That combination of efficient technology and business model — and the ability to outsource manufacturing and not require a build-out of infrastructure — gives Ionis and other biotechs a productivity boost.
Crooke adds, “I’m hopeful other models that begin with a new, disruptive technology will be incorporated into our industry, and we can arrest the decline in productivity we’ve seen over decades.
In fact, he says, “We must do that. This is what I’ve been most interested in for the last number of years. It’s what I find most exciting about the future of this industry.”
Don’t Call Them “Service Providers”
However, that excitement could be cut short if our industry on a wider scale can’t form the relationships to maintain the outsourcing that allow biotechs to focus on what they do best.
Biotech and IT, biotech and pharma, and biotech and service providers all need to come together to form this more perfect orchestration for patients.
Regarding that final pairing, James Mackay, Ph.D., founder, president, and CEO of Aristea Therapeutics, wants to ensure all parts of the industry are reading from the same sheet of music.
For instance, he mentions my use of the term “service provider.”
“The way I look at interactions between biotech and CROs or CMOs is much more of a practiced partnership between organizations,” he explains. “Too often, the CMO is seen as the provider and the biotech as the customer. In doing so, though, you get stuck in that outdated ‘customer/supplier relationship,’ where the CRO or CMO can be reluctant to tell the biotech something’s amiss, or they are behind schedule, or to communicate quickly there is a challenge that needs to be addressed.”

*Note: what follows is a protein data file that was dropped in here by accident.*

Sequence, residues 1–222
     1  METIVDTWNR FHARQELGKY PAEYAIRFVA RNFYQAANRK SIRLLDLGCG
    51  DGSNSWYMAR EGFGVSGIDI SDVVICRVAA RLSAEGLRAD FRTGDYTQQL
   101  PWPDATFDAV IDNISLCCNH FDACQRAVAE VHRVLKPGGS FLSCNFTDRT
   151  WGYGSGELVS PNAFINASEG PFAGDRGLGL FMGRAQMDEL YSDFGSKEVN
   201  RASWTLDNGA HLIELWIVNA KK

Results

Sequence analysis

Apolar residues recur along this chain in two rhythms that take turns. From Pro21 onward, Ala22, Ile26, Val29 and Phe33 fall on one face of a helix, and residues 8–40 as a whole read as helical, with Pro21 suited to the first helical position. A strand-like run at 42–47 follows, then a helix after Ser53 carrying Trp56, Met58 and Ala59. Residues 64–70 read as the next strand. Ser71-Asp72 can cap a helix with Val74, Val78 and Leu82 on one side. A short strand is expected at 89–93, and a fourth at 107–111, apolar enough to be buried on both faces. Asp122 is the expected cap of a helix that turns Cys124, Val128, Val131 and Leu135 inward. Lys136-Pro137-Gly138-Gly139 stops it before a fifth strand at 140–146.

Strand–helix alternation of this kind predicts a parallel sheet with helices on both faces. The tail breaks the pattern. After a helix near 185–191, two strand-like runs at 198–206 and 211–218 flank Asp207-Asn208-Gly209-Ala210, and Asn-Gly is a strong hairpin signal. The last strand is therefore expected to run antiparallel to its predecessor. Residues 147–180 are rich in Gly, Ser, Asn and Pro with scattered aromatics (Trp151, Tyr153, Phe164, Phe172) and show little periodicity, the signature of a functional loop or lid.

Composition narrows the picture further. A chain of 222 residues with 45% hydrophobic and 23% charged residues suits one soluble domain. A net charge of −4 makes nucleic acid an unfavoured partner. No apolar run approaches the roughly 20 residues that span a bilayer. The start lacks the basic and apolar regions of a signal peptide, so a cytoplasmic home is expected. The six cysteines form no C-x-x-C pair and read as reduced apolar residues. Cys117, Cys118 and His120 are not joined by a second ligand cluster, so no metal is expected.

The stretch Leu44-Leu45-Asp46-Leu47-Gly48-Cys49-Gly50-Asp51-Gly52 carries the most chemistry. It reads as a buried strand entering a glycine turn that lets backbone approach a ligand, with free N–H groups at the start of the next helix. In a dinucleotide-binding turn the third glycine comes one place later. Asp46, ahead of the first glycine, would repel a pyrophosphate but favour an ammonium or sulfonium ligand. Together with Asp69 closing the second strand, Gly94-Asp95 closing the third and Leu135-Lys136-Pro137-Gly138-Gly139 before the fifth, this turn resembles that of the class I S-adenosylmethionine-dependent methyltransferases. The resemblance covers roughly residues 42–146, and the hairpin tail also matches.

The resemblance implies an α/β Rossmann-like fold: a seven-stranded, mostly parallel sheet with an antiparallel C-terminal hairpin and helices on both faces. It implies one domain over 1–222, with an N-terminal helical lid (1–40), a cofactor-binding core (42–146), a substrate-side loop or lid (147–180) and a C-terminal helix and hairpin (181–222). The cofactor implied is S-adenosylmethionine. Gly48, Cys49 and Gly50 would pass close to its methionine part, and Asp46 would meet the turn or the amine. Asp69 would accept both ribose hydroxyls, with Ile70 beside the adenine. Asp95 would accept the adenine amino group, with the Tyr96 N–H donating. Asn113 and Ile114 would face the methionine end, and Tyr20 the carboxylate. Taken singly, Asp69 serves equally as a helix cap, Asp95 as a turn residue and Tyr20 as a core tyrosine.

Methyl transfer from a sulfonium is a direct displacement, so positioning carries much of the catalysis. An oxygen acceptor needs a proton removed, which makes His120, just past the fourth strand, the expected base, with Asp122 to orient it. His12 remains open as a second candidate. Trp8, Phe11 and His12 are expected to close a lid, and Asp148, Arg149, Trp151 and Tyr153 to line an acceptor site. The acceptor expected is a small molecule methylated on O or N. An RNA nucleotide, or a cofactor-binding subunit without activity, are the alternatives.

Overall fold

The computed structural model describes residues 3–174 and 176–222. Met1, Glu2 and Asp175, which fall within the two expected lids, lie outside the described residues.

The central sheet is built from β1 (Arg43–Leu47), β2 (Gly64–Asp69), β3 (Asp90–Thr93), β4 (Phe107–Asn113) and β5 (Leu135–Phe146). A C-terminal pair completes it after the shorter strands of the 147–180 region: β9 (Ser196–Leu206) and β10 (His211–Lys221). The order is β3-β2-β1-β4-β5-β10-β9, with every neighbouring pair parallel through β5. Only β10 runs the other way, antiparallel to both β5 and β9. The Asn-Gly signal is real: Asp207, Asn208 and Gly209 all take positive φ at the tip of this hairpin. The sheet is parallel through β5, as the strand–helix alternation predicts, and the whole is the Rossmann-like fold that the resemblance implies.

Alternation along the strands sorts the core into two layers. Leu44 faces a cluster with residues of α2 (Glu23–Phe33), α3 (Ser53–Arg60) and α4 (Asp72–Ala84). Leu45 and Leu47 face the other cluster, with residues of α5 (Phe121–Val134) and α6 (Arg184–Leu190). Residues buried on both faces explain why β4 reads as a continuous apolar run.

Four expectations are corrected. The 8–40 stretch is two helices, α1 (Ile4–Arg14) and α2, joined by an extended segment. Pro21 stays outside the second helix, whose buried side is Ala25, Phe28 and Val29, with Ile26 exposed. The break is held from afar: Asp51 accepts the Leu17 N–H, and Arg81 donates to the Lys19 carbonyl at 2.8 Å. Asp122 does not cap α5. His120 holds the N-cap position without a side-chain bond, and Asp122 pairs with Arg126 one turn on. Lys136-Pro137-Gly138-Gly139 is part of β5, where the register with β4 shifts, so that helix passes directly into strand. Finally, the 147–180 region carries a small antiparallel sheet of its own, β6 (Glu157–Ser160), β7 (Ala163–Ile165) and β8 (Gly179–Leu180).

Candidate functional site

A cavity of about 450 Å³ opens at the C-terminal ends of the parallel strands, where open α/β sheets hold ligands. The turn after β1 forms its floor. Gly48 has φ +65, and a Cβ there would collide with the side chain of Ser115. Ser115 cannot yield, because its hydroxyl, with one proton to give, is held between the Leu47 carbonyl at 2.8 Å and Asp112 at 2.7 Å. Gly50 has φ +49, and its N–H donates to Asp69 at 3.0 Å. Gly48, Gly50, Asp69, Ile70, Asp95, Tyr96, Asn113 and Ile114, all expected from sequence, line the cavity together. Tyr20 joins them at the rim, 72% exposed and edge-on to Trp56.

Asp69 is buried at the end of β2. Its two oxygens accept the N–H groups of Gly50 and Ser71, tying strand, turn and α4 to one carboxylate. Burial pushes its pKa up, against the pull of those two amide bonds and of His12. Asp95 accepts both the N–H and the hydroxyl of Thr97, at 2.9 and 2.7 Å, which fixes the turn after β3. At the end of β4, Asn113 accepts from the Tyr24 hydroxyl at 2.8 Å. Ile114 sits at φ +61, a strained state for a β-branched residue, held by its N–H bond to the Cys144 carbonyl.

He adds: “Being able to break down that customer/supplier relationship is vital, just as it is with other relationships. There always will be issues in R&D, and to increase productivity, those issues will need to be addressed as early as possible and collaboratively between the CRO or CMO and the biotech. Honest communication is critical to the success of this model. Starting with that premise, that’s where I focus my efforts in every relationship we build at Aristea.”
And Don’t Leave Consultants Out
Finally, Mackay mentions he and company receive critical assistance selecting partners with which to build those relationships, and he highly prizes “a network of consultants who are subject matter experts,” whether for drug substance, drug product, toxicology, pharmacology, or other technologies.
“We don’t tend to put out the classic RFP and get a glossy presentation,” he says. There is very little value in that activity. I prefer to spend time getting to know the actual team we would end up working with.” The overall expertise of the partner, he says, isn’t relevant if the biotech doesn’t get to work directly with the individuals or team holding the exact expertise needed.
“Consultants can play a big role here,” Mackay says. “It isn’t surprising we often work with those CDMOs we have partnered with in the past, or who have already worked with our consultants.”
This editorial is adapted from my original published in Life Science Leader magazine’s December issue.